Sometimes, meetings can be a drag, especially when your boss likes to listen to himself for endless and countless hours. Furthermore, he’ll probably be upset afterwards because you missed some of his points and you lacked time to complete all your work.
Maybe someone could introduce him to the 12-Minute Segment Rule.
Use The 12-Minute Segment Rule
During a meeting, each speech or presentation should be limited to 12-Minute segments because for most people, the optimum concentration period is only 12 minutes. Beyond that, the average person won’t be able to focus and follow explanations.
To effectively get your point across, try to stay concise and brief.
If your topic requires more time, you should at least plan to change the pace after 12 minutes. For instance, you could answer questions, tell a funny story, use a different media or set up a brainstorming session.
Using 12-Minute segments should not necessarily be a strict rule. But by keeping it in mind, it should easier getting other to really understand you.
The 12-Minute Segment Rule should not be viewed as a limiting concept but rather as a basic rule of thumb to help you improve the impact and effectiveness of your meetings.
So, during your next presentation, if you surprise some people yawning or they seem to become too uncomfortable in their chair, maybe it’s a pretty good sign you probably reached the infamous 12-Minute barrier.
And if you reach that limit way before 12 minutes, reconsider your career as a public speaker; unless your group is really tired, looks like you’re simply too dull!
Prepare and Follow-up on Meetings
For most companies, time spent attending meetings is very costly. Next time you’re in a meeting, just rapidly add up salaries around the table…most of the time, the surprising result is a pretty hefty hourly wage.
So, you should try to reduce time wasted in meetings.
A great way to make meetings count is to rigorously prepare for them.
Time spent individually is often much more productive and will preserve precious and costly group time. Thus, ensuring meetings will be worthwhile.
Ahead of each meeting, the meeting organizer should send concerned participants instructions and documents to be read or prepared. Be sure to send these early enough so that everyone as time to properly process them.
If possible, electronic versions of presentations should also be provided before the actual meeting. That way, people won’t waste focus on taking notes, they will be able to concentrate during the presentation and only note specific and significant details.
Another way to minimize precious meeting time is to limit the number of participants.
Every person in a meeting should be concerned by most topics. It’s usually not a good idea to ask someone to attend a long meeting when they are only affected by a single point. It’s often more effective to schedule more than one meeting with different participants or to convey some participants for only their part of the meeting.
If a discussion can be expected, the process can become pretty hectic when more than 12 people sit around the same table (Magic Number 12 again!). Hence, you should try to plan discussion in smaller groups.
It’s also an efficient practice to follow-up on each meeting.
The meeting organizer should write down what exactly is expected of everybody and include specific deadlines.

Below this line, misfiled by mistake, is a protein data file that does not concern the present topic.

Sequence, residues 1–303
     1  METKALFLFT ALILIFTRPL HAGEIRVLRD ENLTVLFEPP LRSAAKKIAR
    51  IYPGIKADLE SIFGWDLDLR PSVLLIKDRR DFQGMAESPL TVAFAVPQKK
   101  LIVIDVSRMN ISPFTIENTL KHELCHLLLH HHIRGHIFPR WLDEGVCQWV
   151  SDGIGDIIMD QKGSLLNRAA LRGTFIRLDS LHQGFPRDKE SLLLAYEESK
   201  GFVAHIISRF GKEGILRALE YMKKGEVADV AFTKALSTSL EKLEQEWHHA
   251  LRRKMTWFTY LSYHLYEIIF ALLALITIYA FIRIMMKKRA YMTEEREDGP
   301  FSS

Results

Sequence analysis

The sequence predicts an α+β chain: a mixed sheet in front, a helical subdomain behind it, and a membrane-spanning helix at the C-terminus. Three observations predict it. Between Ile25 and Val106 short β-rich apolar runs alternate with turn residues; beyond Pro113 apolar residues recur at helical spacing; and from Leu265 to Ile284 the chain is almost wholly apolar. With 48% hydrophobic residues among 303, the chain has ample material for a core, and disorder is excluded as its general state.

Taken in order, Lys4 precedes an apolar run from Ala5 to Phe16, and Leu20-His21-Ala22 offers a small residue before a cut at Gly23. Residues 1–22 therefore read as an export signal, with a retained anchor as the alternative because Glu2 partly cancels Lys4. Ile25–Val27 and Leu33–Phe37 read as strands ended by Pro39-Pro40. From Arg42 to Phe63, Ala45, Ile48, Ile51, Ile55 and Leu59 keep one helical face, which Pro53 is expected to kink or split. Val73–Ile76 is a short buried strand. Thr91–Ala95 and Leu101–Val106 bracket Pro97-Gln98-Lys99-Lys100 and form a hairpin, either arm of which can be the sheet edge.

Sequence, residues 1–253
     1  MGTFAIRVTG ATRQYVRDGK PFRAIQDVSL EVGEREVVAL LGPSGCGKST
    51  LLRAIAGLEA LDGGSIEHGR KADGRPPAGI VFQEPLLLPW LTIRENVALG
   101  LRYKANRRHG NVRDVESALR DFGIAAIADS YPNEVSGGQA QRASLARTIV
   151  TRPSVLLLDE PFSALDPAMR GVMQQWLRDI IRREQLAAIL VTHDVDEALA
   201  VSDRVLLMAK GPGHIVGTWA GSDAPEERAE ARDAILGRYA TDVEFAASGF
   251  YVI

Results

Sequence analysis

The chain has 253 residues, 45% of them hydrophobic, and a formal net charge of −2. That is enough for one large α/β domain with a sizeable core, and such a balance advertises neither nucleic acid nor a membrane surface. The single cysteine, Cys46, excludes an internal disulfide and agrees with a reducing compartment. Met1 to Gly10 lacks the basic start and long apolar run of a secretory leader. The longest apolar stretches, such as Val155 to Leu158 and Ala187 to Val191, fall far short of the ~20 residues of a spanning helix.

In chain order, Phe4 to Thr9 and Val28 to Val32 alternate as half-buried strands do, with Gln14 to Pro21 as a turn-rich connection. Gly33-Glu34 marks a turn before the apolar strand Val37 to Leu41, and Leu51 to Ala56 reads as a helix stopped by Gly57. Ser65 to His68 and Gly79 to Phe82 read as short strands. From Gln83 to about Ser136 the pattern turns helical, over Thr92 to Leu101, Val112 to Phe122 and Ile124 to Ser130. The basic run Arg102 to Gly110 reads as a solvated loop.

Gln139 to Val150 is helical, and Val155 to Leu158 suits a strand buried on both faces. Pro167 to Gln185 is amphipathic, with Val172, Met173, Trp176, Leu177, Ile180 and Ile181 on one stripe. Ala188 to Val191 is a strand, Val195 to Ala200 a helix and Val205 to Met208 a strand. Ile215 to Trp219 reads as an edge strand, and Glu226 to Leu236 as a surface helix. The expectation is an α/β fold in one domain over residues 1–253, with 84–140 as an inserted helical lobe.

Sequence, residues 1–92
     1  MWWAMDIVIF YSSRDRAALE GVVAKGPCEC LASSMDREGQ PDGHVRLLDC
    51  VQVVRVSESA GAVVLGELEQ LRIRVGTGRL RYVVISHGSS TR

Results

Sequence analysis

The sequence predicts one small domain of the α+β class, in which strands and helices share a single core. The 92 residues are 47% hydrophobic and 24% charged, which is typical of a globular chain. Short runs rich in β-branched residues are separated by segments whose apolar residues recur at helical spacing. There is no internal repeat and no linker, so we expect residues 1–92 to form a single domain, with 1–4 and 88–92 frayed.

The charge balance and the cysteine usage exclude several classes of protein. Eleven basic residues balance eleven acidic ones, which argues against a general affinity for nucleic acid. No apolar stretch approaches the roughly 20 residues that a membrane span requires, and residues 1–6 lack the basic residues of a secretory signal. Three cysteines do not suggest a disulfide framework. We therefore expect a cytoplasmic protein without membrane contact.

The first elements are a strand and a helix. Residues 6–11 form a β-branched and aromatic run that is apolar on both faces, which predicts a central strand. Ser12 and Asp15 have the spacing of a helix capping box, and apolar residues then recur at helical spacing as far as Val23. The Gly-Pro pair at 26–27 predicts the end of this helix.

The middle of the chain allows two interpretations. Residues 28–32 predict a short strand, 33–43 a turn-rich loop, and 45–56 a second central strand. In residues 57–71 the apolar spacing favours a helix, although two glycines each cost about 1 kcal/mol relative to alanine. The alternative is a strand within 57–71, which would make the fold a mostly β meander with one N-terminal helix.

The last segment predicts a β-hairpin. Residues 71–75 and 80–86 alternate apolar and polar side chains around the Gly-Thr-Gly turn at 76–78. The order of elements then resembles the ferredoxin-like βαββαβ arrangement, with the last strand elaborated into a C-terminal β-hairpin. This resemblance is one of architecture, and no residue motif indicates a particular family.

For simpler changes, a 12-Day follow-up is generally adequate.
For more significant changes, expect results in a 12-Week span.
When research or additional information is required, the meeting organizer should make sure necessary documents are sent to follow-up on details or clarifications.
It also should be verified that every representative has followed-up with their respective group or team.
To ensure they can be adequately processed and assimilated, consequent directive or written instructions should be limited to a maximum of 12 lines or include a maximum of 12 points.
Adjust the Scheduling of Meetings
Because meeting time is so precious, always start on time. Being punctual is a very productive habit and it denotes a mark of respect for each other.
Some people, thinking that they are more important than others, are always late and the whole group has to wait for them. Make sure they understand (even if it’s the big boss), that everybody’s time is precious.
Attempt to plan for shorter meetings with fewer points; it normally translates into more effectiveness. Try to limit the agenda of a meeting to less than 12 points. If it seems impossible, spread it across more than one meeting or continue after a significant recess like a lunch-break.
To keep your audience fresh, take more frequent but shorter breaks.
We tend to lose track of the subject or discussion with long breaks. For longer meetings, two or three quick 12-Minute breaks often do the trick.
Schedule the length of your meetings according to the more flexible 12-Minute Approach.
For instance, break down the schedule into 12-Minute Periods instead of the classic 15-minute ones.
Or maximize your efforts with strong or weak half hours (3x12 = 36 minutes or 2x12 = 24 minutes).
Also take into consideration that people actually have to get to meetings; so reserve some time for transfers back and forth. To accomplish this, some people like blocking their schedule 12 minutes before and after meetings.
Again, you should not be too boxed-in by our suggestions. Be open-minded and try experiencing them first hand. You’ll be surprised of the results when you put some of our concepts into practice. And remember; Practice makes perfect!
Always view the 12-Minute Approach as a wonderful way to implement small adjustments to improve and maximize your activities.
Thank you for reading! We hope you enjoyed and will be inspired by all these ideas about handling meetings.
Your comments are always welcomed as we constantly seek to get things done in a more effective 12-Minute Way! We wish you to make the most of your upcoming meetings!